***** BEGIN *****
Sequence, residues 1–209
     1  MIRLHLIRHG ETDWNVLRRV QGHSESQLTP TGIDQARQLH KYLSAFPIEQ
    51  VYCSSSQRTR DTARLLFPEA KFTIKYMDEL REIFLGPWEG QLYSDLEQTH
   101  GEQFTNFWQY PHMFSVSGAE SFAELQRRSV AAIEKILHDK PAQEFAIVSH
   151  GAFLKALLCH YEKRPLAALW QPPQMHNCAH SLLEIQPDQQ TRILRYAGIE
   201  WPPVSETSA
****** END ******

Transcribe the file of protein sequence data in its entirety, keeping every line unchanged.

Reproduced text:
Sequence, residues 1–209
     1  MIRLHLIRHG ETDWNVLRRV QGHSESQLTP TGIDQARQLH KYLSAFPIEQ
    51  VYCSSSQRTR DTARLLFPEA KFTIKYMDEL REIFLGPWEG QLYSDLEQTH
   101  GEQFTNFWQY PHMFSVSGAE SFAELQRRSV AAIEKILHDK PAQEFAIVSH
   151  GAFLKALLCH YEKRPLAALW QPPQMHNCAH SLLEIQPDQQ TRILRYAGIE
   201  WPPVSETSA